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Will Disclosure In Lehman Bankruptcy Case Lead To Lawsuit Against Federal Reserve?

 October 02, 2009 01:05 PM


Reporters at the WSJ have uncovered something very intriguing while they were combing through the billing records of Jenner and Block, whose chairman, Anton Valukas is currently moonlighting as the examiner of the Lehman Bankruptcy Case. In J&B's August fee statement, the firm discloses information that as part of its estate recoupment process, it has been contemplating suing none other than the Federal Reserve.

During its final days Lehman was a revolving door for Fed cash coming in (and promptly leaving) as the situation demanded. Whether borrowing at the Fed's discount window against garbage collateral (no doubt consisting of worthless toxic commercial real estate - yet, we will never know: the Fed has just appealed the decision to disclose who/what/why got access to its processing of taxpayer bailout funding, which likely means that unless some Second Circuit/SCOTUS judge finds it deep in his/her soul that representing the American public is more important than siding with Wall Street as always, that information will never see the light of day), using the TAF program, or otherwise, Lehman ended up gobbling an ungodly amount of cash from the Fed which was subsequently imporperly yanked by the Chairman, instead of being used to satisfy pari passu creditor claims. According to the WSJ:

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The New York Fed lent Lehman $46.2 billion in cash and Treasury securities for $50.6 billion in collateral, according to Federal Reserve affidavits filed in bankruptcy court. As a result of Lehman's sale to Barclays PLC following its bankruptcy, the New York Fed was later paid back in cash, with the Treasury securities returned. Lehman's broker-dealer also borrowed tens of billions of dollars from the Fed in the period from Sept. 11 through Sept. 15 last year.

This is all fine and great, however where the issue lies is whether there was an improper superposition of the Fed relative to all other creditors of the firm. If, in fact, the Fed recouped any money at a point after the bankruptcy process was initiated (and potentially even before the instant of filing), Jenner can file a preference claim against the Federal Reserve. The suit would, in theory imply that there was an action of "avoidance" by the Fed to be considered a preferred creditor without legal justification or reason.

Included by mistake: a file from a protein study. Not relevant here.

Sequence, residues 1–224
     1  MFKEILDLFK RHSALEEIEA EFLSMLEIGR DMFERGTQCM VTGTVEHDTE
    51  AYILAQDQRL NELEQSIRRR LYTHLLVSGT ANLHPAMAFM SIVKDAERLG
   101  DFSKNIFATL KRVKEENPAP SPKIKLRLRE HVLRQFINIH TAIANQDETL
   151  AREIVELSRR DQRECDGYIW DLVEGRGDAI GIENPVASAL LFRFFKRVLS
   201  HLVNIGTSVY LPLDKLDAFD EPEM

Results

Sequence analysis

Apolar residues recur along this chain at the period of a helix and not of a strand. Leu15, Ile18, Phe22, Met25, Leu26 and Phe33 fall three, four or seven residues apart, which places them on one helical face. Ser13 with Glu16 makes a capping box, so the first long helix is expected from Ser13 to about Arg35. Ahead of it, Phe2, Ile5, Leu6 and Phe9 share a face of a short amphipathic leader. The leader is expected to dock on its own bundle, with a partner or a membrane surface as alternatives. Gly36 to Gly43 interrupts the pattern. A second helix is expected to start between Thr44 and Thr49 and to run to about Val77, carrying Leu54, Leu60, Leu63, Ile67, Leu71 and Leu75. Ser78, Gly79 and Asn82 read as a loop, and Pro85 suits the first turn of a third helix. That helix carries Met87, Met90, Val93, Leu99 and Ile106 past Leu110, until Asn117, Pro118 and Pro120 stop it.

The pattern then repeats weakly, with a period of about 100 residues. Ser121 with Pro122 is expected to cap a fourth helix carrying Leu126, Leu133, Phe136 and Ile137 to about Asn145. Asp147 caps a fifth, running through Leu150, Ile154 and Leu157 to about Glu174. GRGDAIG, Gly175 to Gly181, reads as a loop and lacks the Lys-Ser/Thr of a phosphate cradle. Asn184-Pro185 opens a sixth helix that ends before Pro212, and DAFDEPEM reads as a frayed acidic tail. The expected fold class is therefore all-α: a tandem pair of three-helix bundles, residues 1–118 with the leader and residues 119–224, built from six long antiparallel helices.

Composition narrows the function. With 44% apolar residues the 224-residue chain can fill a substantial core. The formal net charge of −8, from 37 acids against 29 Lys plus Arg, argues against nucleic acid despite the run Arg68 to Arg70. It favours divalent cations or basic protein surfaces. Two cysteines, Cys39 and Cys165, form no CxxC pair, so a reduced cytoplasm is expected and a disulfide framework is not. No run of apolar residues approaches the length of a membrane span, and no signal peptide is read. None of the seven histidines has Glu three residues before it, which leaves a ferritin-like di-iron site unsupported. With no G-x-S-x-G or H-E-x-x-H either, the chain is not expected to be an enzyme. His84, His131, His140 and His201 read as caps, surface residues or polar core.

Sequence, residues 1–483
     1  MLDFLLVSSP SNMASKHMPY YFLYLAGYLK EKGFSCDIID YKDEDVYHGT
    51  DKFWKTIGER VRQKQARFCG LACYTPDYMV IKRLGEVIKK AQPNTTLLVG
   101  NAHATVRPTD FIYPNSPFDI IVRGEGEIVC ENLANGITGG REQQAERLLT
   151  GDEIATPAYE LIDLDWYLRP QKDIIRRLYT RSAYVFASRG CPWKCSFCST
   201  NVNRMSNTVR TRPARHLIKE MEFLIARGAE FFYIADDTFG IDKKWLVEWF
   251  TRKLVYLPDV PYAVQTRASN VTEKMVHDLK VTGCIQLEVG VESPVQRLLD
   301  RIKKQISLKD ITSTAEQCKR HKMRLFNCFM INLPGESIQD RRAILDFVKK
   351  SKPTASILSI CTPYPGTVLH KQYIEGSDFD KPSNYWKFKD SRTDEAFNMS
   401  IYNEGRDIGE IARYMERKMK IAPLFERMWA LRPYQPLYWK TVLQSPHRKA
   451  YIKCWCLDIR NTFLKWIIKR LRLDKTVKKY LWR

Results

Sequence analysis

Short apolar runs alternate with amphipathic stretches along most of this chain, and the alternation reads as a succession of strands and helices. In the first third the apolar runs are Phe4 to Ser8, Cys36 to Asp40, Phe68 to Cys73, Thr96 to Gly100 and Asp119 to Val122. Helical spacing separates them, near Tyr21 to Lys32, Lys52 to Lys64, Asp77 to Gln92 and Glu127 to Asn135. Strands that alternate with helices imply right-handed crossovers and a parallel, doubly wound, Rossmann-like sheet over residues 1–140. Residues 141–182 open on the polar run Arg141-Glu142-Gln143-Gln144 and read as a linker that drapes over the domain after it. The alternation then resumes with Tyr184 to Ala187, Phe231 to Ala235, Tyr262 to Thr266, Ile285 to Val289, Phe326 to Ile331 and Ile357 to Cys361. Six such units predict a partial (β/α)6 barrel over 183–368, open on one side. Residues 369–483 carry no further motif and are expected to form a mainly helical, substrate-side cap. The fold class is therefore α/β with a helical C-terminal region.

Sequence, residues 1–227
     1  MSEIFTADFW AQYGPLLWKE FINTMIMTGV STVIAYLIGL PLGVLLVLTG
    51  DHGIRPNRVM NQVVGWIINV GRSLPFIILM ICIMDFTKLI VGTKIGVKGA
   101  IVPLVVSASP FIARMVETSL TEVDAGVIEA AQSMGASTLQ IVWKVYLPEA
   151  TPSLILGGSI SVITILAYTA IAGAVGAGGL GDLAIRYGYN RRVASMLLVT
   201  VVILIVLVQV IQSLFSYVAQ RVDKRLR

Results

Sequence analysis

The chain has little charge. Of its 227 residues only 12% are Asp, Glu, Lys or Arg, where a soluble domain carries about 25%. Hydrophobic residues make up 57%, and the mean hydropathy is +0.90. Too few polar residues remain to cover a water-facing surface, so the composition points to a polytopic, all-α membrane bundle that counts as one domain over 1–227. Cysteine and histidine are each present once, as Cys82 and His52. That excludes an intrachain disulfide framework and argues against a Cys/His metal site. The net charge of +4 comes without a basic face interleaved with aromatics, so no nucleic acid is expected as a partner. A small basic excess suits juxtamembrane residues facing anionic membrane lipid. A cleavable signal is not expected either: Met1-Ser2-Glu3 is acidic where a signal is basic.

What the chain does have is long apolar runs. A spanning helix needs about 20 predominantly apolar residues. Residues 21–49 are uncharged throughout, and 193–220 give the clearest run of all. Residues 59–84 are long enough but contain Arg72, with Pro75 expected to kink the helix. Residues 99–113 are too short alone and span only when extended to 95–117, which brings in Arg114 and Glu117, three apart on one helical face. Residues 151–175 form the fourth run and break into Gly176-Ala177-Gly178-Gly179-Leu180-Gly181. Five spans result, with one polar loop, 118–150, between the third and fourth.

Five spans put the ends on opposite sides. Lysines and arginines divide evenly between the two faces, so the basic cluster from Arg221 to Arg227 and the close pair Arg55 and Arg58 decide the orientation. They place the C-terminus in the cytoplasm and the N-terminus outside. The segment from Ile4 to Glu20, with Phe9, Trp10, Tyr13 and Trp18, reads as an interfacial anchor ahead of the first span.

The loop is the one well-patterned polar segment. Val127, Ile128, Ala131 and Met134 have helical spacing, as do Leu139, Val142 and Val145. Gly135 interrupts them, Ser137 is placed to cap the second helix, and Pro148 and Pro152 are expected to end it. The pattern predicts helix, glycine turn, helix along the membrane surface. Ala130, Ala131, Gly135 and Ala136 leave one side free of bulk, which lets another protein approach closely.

It is obvious why the Fed would have wanted to avoid this: General Unsecured Claims and unsecured Notes issued by Lehman Brothers traded down from 90 cents on the dollar in the days prior to September 15 all the way to 10 cents on the dollar in the week following. Had the Fed's assets become commingled in the GUC pool, it would have seen a loss of nearly $40 billion of taxpayer money. However, the Fed's gain is other creditors' loss. 

Which is why the revelations observed going thru J&B's billing statement are quite stunning, as they highlight that while Valukas has as yet not started any actual legal proceedings, which would claim there was a preference action by the Fed impairing other Lehman creditors, it is surely contemplating such.

Zero Hedge presents below relevant sections from the May Billing Statement filed by Jenner & Block in bankruptcy court. We hope Congressmen Ron Paul and Alan Grayson notice these potential legal overtures and promptly contact Mr. Valukas' office to determine what the process of any legal action may currently be and why it hasn't been made public yet, especially if the Fed has been found in breach of preference.


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(1)
 
10/4/2009 10:35:38 PM
Lehman by John Hess
We need Lehman back: why should the other companies be bailed out while England purchases Lehman at a deep discount?  Should we keep American companies American?  What ever happened to stopping the flood of outsourcing?
Rating: (2) (5)

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